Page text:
The first time I saw the West Indies, they made me physically sick.
Not necessarily for the reasons one might think; after all, I wasn't like poor old Andy Lloyd, battered on the head in the first hour of his debut, never to play for his country again.
No; this was another time of self-isolation, but this was personal; a virulent bug had seized hold and rendered school an impossibility on this Thursday morning.
Perhaps the sickness was prompted by a bout of empathy from a turbulent evening before.
For, on the previous evening I had tip-toed into my father's room - avoiding the creaky wooden floor on the landing, two footsteps from the bathroom door - in order to catch the penalty shoot-out between Roma and Liverpool.
The 90 minutes had been relayed via a muffled, confused BBC signal, stifled further by being secreted beneath a pillow in order not to attract attention; the luxury of a Walkman must have been elusive at this time.
George Hamilton and Peter Jones were awaiting penalties, but I couldn't resist the temptation to abandon my station and theirs.
Maybe it was Bruce Grobbelaar's fakery that rumbled my tummy; or perhaps it was pure excitement; I wasn't even a Liverpool fan, preferring Tottenham Hotspur, whom I had chosen in a stirring Wembley defeat two years earlier.
A lifelong theme formed, even then.
Whether it was the kneesy, queasy antics of Liverpool's goalie or not; my troubled sleep was interrupted by complaints from a variety of nether regions, rendering school a non-runner.
A hard rain fell and, for reasons far too manifold to delve into here, a complicated family situation allowed me to be home alone for some time.
The aforementioned circumstances had ensured self-isolation offered little, if any, hardship or sense of longing; an only child, bereft of one parent, possesses no FOMO when there is nothing to compare.
Hence, for the first 10 years of life, sporting and cultural knowledge was absorbed from without to within; there were no trips to sports or gigs or cinemas; the second 10 years of life would startlingly reverse that template and it has never stopped accelerating.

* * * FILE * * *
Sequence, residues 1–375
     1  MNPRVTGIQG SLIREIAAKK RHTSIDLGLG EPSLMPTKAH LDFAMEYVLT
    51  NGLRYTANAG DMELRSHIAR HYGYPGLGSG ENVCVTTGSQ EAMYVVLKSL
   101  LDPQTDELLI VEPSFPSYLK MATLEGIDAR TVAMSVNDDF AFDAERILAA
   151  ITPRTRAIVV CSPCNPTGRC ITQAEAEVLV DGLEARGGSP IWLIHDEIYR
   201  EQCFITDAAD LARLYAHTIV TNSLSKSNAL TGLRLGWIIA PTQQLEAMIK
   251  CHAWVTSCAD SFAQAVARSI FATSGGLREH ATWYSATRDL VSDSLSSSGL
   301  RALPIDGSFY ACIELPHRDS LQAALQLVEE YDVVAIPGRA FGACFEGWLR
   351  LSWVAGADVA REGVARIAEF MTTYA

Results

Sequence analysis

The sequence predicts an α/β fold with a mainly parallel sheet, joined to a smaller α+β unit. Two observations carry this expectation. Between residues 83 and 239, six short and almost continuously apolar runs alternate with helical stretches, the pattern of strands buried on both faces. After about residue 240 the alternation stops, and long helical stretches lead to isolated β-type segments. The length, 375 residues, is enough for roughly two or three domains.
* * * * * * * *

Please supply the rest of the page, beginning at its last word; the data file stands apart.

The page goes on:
On this wet and dreary day, morning radio held no interest and the week's reading had not yet arrived - 'Look-In, Smash Hits' - while my father would not return until later with his daily bounty; copies of the 'Mirror', 'Mail' and 'Sporting Life', adjuncts to the full-time victualler's part-time dabbling in turf accountancy.
Having been lifted adroitly from bedroom to sitting-room before being temporarily left alone, the land of six channels awaited.
Or, rather, four channels; RTÉ was a somnolent landscape then, much of which explains why a surfeit of seminal Anglo-Saxon influences were acquired in one so young and insular.
With a basin in attendance for sudden eruptions, an initial diet of 'Laurel and Hardy' and 'Sesame Street' sufficed before a big decision loomed.
Should one move to change channels? (The life-changing, sedentary ally that was remote controlling had not yet reached Newlands Cross).
The initial effort was stomach-shifting, but the lasting result was life-changing.
As tempestuous rain battered the curtained windows; the rarely pressed fourth button of six - who watched BBC2? - on the Bush television; and suddenly, there it was.
A vision of black and white in colour.
The West Indies. I didn't even know what the term meant (like West Ham United in soccer, perhaps?) I couldn't understand what was happening, at first; there was a bat and ball, so school rounders came into my head.
But I soon conjured the cause and effect of numbers being accumulated, of a contest unfurling between two sides, and great cheering, as England were, it seemed, winning, even though West Indies seemed to have scored much, much more.
Then everything stopped and everyone talked for what seemed like an hour; this when it all made sense as the numbers were elucidated by words and the words elaborated upon the pictures.
But as the day unfolded it seemed as if only one man was painting the pictures and making the numbers and prompting all the words from a collection of unfeasibly elderly commentators that seemed more like refugees from 'Crossroads' than sporting types.
Viv Richards. The colourful armband. The jaws constantly chewing. The purposeful stride as if he had belonged for all time on this TV. And just hitting towards every corner and above every despairing grasp each ball that was directed aggressively towards him, repelling all with gleeful ferocity, as if this was a violent vendetta more suited to a script from 'The A-Team' rather than a sports team.
And then, Joel Garner, Malcolm Marshall, Michael Holding; firing missiles of head-splitting menace with obvious relish. Ian Botham and David Gower did nothing, then; they meant nothing to me, then. Advancing years would advance knowledge and appreciation.
The cricket swapped channels, but I didn't; retreating back into the world of 'Play School'. "Come with me through the round window . . . "
But I had no need of escape. For I had already been there.
In our new series, we've asked our writers to detail the one match that stands out in their memories from all the rest and why it still means so much to them